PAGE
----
Made for the shade

Japanese painted fern

By L.A. Jackson

Made for the shade
Japanese Painted Fern

Looking for a dependable plant capable of lighting up shady spots in your spring and summer garden? Look no further than Japanese painted fern (Athyrium niponicum). This easy-to-grow, deer-resistant perennial sports bright, colorful fronds, which can be up to 18 inches long, in partial to fully shaded spots. Foliage tints are most intense in the spring, and, while they can fade slightly in summer’s heat, their beauty cannot be denied.

Moist — not soggy — soil suits this Oriental import best. It can stand some drought, but will survive rather than thrive in arid conditions, so supplemental waterings when the rains don’t come is advised. However, this plant doesn’t have to be babied through the growing season. It is tough, and as long as moisture needs are met, the Japanese painted fern will even make a pleasing addition to shady container plantings and hanging baskets.

These fancy ferns don’t require a lot of fertilizer. So, if you have the need to feed, use either an organic or time-release fertilizer at half the recommended rate of other perennials.

Although Japanese painted ferns will do well in a garden’s more shadowy realms, don’t treat them like botanical vampires. In fact, if they are situated in an area that receives a few hours of early morning sun, their colors tend to have more pop.

As long as a Japanese painted fern has it made in the shade, especially in the afternoon when the sun is at its strongest, it can stand our summers. In addition, being rated for USDA Zones 3–8, this beauty is a reliably hardy perennial that can weather the worst of typical Carolina winters. Also, it spreads slowly by creeping rhizomes to form colony clumps that can be divided in the spring.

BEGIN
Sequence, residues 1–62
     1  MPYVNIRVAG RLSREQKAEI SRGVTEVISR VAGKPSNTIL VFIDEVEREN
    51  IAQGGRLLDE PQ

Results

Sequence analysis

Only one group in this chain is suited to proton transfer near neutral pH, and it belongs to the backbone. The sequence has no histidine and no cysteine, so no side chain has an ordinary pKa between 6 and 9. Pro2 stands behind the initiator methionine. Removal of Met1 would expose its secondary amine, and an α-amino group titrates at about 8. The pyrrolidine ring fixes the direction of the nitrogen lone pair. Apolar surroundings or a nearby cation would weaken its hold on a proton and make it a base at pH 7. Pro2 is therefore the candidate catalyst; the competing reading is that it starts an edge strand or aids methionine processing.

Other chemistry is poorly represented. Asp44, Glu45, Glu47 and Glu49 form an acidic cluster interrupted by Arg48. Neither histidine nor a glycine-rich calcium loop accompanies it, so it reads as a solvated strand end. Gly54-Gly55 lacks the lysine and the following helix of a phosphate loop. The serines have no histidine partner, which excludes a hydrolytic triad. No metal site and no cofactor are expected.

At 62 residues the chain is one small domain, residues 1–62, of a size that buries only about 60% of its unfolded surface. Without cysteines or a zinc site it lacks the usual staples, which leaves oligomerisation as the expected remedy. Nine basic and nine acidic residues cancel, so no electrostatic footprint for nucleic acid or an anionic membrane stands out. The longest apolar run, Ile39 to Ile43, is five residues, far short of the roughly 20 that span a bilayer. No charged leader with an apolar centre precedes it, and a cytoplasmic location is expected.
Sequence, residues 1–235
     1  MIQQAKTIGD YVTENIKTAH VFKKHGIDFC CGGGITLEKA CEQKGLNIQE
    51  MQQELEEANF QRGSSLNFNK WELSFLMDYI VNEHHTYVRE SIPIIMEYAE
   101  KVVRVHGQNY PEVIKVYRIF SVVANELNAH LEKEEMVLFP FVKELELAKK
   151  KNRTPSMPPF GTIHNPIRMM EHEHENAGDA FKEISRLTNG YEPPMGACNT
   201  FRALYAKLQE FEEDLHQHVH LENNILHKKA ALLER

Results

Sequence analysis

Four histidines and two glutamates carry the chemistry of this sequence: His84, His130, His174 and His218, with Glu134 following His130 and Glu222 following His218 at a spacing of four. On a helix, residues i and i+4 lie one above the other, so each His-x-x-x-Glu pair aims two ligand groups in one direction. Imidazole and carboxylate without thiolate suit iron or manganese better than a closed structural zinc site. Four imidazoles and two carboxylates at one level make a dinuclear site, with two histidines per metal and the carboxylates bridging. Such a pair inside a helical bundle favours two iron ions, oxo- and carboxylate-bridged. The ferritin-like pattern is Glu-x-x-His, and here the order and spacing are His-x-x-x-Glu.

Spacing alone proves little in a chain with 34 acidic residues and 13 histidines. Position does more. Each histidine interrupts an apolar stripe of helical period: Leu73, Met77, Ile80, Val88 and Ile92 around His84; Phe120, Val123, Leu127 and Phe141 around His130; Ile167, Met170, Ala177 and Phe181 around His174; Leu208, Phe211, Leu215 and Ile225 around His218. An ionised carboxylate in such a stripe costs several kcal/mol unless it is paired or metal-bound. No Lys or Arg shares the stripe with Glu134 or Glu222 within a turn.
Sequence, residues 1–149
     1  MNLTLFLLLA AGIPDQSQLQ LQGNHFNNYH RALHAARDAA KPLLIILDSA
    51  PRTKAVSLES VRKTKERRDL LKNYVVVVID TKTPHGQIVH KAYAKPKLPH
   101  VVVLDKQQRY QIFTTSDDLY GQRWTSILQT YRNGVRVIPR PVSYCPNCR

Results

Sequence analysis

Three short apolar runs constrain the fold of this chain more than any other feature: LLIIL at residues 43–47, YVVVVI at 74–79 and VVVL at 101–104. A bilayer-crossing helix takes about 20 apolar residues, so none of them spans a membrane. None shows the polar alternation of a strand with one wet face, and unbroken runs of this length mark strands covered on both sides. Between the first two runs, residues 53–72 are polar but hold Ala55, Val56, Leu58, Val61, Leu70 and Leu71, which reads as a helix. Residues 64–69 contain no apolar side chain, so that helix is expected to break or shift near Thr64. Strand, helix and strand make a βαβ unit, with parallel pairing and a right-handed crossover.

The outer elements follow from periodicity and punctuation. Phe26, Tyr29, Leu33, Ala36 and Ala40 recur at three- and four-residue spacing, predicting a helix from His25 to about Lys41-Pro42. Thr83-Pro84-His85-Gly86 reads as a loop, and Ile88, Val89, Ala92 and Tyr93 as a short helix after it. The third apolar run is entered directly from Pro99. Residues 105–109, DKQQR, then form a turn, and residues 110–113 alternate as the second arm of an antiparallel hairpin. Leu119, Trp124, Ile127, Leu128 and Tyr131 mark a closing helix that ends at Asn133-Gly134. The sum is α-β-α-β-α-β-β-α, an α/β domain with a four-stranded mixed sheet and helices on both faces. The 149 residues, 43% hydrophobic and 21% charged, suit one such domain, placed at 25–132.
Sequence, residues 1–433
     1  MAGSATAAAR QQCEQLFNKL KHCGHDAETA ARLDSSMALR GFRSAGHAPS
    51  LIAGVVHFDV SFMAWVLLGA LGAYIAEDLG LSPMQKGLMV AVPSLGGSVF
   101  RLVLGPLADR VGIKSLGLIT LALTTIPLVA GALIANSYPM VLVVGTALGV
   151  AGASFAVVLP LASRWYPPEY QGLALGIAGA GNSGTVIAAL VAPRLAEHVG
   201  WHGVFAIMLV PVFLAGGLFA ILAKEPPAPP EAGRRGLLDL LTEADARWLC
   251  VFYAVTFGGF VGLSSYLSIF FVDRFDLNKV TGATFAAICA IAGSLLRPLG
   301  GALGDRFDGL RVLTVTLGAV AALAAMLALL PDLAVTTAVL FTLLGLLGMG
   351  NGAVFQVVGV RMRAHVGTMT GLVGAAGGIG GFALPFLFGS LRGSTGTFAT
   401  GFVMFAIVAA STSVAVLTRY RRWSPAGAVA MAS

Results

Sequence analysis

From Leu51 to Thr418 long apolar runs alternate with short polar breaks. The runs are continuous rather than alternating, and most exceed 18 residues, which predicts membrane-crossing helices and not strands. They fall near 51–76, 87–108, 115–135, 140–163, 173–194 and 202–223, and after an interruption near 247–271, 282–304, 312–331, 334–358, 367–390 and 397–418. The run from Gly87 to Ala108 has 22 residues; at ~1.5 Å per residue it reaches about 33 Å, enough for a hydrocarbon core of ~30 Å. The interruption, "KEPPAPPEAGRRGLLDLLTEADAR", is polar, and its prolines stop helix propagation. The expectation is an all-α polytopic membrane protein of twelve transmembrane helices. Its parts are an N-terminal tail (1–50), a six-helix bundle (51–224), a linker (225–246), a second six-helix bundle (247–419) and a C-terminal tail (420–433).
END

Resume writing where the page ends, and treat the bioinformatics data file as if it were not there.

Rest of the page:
For many years, the selection ‘Pictum’ has been the prize catch for Japanese fern fanciers, and no wonder — this showoff has variegated green fronds heavily dusted with silver and supported on wine-red stems, making for a real tricolor treat.

Because ‘Pictum’ has been so popular, other new introductions have been developed, including the aptly named ‘Ghost’ and the equally pale-but-pretty ‘Branford Beauty’. Also consider ‘Ursula’s Red’, which shows off deep pink veins and a smoky green center that is flanked by silvery tips. And ‘Burgundy Lace’ is a real stunner with light green fronds heavily splashed by silver and purple stripes.

Garden to do’s

  • Annual vegetable and flower beds should be rejuvenated by being tilled. While the dirt is being turned over, it is not a bad idea to mix in liberal amounts of compost, leaf mold or other decayed organic matter to add natural nutrients into the soil.
  • If you are planning to till garden soil, grab a handful of dirt first and squeeze it. If it holds together in a tight ball, it is too wet, and if you turn the soil over in such condition, your first harvest of the season will be a bumper crop of dirt clods.
  • Summer blooming woodies such as althea, buddleia, vitex, crepe myrtle and pomegranate can be pruned at the beginning of March to stimulate more flower production later in the growing season.
  • Allow the foliage of spring-flowering bulbs to die back naturally so the plants efficiently store nutrients for the next growing season.
  • Migratory birds should be returning soon, so welcome them back by cleaning old nests and debris out of bird houses and giving the bird bath a good scrubbing.
  • Camellias blooming like crazy now? Enjoy, but be sure to rake up and discard any fallen flowers to help prevent the soil-borne camellia petal blight.
  • Easy on the pruners! Not all trees and shrubs benefit from a spring shearing. Wait to snip early-blossoming beauties such as azalea, camellia (Camellia japonica), Carolina jessamine, forsythia, flowering quince, spirea, viburnum, mock orange, weigela and Oriental magnolia until after their flowers have faded.
  • Cool-season veggies such as leaf lettuce, mustard greens, sugar snaps, radishes, spinach, onions, kale and potatoes can be started at the beginning to the middle of the month. Also, beets, broccoli, cauliflower and Chinese cabbage can be started by the third to fourth week of this month.

About the Author

L.A. Jackson is the former editor of Carolina Gardener Magazine. If you would like to ask him a question about your garden, contact L.A. at: lajackson1@gmail.com

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Comments (2)

  • Nancy De Nyse

    Nancy De Nyse

    02 June 2016 at 22:48

    Is there any way to get a 5 foot magnolia to bloom It is about 88 years old.

    reply

  • L.A. Jackson

    L.A. Jackson

    02 June 2016 at 23:40

    It's five feet tall and 88 years old? Heck, I'd hold onto the bragging rights that it is so old and not mention the blooms--or the fact that it is a real runt for living so long!

    reply

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